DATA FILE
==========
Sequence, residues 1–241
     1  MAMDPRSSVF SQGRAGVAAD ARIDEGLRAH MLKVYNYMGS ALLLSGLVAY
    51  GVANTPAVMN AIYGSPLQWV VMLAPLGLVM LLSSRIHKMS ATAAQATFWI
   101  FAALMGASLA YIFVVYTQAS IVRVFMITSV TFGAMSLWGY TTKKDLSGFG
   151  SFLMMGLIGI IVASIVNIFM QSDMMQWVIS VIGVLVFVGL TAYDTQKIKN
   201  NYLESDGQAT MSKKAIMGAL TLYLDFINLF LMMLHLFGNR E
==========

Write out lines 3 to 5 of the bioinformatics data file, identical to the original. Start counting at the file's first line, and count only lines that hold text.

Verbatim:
    51  GVANTPAVMN AIYGSPLQWV VMLAPLGLVM LLSSRIHKMS ATAAQATFWI
   101  FAALMGASLA YIFVVYTQAS IVRVFMITSV TFGAMSLWGY TTKKDLSGFG
   151  SFLMMGLIGI IVASIVNIFM QSDMMQWVIS VIGVLVFVGL TAYDTQKIKN